Fifty years ago, Tady Saczkowski and his friends were growing up in St Catharines. The city’s sport facilities were rudimentary compared with today, and families raised their kids without a lot of frills. Some of those kids found their answer on the public tennis courts at Lester B. Pearson Park on Niagara Street.
There were no coaches and no instruction, no fancy racquets or expensive sneakers or new balls, and the court surface was rough. But the kids made their own fun, and found endless fascination in figuring out the game for themselves. Tady and his friends played for hours each day, learning together, challenging each other and enjoying the social aspects of the game.
By the time they were in their mid-teens, Tady and some of the others learned of the St Catharines Tennis Club on Melbourne Avenue. It was the tennis hot-spot in the city but had a reputation for welcoming young players. After putting in some long days working in fields and harvesting fruit, Tady and his friends had earned enough for the junior membership fee.
There was no junior program as such. Rather, all members were treated the same. You “tagged up” by putting your name on a board for next-available court, and you went to the assigned court when your name came up. This was a remarkable experience for Tady, with life changing consequences. He learned the etiquette of tennis, and through it the social skills to navigate an adult world. He met people from all walks of life : teachers, doctors, farmers, lawyers, craftsmen, merchants. On the tennis court, everyone met on equal terms, and the young players were mentored and encouraged.
At this time, Brock University was in the process of being established as a centre of higher education for the Niagara Region. With the positive influence of tennis, Tady found himself considering a more ambitious future for himself. He enrolled at Brock and became one of its earliest graduates. Tennis faded onto the sidelines.
Fast-forward about 30 years. Tady had applied himself to all the necessary aspects of adult life including marriage to Nancy, creating a home and having a career in the auto industry. After embarking on an early retirement, he looked around for an endeavour to energize the next part of his life. He found it by coming full circle back to tennis. “Once tennis gets into you at a young age”, says Tady, “it never leaves you. And when I came back to tennis, I found many of the same people still playing all around the Niagara Peninsula. It’s the ideal sport for life.”
Nancy and Tady joined The Club at White Oaks, and they also joined the Welland Tennis Club for outdoor summer play. The club had hit a rough patch and President, Geoff Skatfeld, recruited Tady to be part of his team. Tady is a hands-on person and would rather work all day on the tennis courts and the clubhouse than sit around a table at a planning meeting. But he did it all. He did the meetings and he did the paperwork, and he did the repairs and the maintenance and the improvements. Every aspect of the club’s facilities is better because of Tady’s involvement and perseverance and endless hours of devoted effort over the past 10 years.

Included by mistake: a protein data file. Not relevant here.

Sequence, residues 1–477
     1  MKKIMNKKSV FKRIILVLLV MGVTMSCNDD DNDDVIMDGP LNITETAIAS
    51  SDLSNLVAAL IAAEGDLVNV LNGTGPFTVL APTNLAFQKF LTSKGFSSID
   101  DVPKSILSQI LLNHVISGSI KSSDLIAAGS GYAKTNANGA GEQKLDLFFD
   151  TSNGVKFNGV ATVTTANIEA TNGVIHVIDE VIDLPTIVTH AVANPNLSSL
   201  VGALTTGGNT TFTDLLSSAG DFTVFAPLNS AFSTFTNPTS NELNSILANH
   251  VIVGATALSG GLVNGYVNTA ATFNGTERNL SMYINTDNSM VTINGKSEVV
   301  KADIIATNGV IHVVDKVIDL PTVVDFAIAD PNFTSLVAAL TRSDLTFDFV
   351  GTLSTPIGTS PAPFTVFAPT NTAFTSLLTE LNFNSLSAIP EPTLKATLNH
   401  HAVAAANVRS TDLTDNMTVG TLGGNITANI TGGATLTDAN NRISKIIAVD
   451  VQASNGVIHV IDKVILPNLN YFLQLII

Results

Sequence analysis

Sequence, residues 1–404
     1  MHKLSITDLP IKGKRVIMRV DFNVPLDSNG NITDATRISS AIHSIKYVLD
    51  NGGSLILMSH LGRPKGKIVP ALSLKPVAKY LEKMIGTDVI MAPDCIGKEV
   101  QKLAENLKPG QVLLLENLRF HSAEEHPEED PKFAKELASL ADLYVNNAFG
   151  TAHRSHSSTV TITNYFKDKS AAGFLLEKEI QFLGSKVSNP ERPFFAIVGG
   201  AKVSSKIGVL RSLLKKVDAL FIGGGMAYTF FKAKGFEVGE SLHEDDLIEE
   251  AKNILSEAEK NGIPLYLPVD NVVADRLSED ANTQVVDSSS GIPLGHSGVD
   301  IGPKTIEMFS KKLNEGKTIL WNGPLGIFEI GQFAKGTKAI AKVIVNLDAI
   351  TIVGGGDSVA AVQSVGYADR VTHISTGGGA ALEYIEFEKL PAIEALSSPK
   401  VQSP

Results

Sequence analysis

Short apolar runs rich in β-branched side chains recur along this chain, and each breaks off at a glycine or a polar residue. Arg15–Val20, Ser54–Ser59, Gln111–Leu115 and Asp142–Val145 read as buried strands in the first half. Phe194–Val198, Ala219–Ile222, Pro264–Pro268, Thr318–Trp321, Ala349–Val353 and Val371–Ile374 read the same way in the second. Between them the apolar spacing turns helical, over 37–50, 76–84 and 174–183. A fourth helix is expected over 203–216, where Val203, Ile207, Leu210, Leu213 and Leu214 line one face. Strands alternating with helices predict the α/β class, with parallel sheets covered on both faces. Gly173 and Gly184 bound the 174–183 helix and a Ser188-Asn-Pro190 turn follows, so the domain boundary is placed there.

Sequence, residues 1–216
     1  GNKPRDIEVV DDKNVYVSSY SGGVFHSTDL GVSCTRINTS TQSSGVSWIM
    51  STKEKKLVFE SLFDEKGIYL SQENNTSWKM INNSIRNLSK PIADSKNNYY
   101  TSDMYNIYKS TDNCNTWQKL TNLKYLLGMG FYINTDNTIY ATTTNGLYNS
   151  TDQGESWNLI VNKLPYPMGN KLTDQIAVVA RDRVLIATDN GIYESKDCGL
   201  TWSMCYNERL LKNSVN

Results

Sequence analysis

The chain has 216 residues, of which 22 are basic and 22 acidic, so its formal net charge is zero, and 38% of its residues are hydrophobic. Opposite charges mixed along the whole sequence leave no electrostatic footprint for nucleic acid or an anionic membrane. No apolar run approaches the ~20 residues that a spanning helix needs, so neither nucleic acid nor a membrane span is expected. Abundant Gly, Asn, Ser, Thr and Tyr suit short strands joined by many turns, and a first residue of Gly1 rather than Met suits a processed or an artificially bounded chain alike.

Tady’s greatest joy through all this time has come from his discovery of a rich history for tennis in Niagara. It began when he uncovered the origins of the Welland Tennis Club in time to celebrate the 100th anniversary in 2013. And from that, he has uncovered a rich lode of detail regarding the great international tournaments that were staged at Queens Royal Hotel in Niagara-on-the-Lake from 1883 to 1922. Tady has more documentation and information about the Queens Royal period in Niagara than anyone else, anywhere. He has become an authority on the subject and is striving to see it recognized and commemorated in a modern setting. “What better place to house the Canadian Tennis Hall of Fame than in the place that put Canada on the world tennis map”, Tady asks. “It has to be Niagara-on-the-Lake.”
Given all this, it should be enough. But in fact there’s more. Tady and Nancy are connectors; they’re “People People”. Any and all tennis events in the Niagara Peninsula will find them as the earliest and most encouraging supporters. They are cheerleaders for anything and everything to do with Tennis in Niagara. Tady is a skilled and avid photographer. Any records we have of tennis in Niagara over the past ten years are largely because of his presence with his camera.
How do you sum it all up? Geoff Skatfeld says “When I think of Tady, the image is of him being the first to arrive and the last to leave”. His warm smile and cheerful greetings are a constant for Niagara tennis. To recognize and celebrate all his contributions over the past ten years, Tady’s tennis colleagues nominated him for Ontario’s Distinguished Service Award. The Ontario Tennis Association accepts very few such nominations, but chose to honour Tady with the award this year. Niagara is proud and grateful.
Thank you, Tady, and congratulations!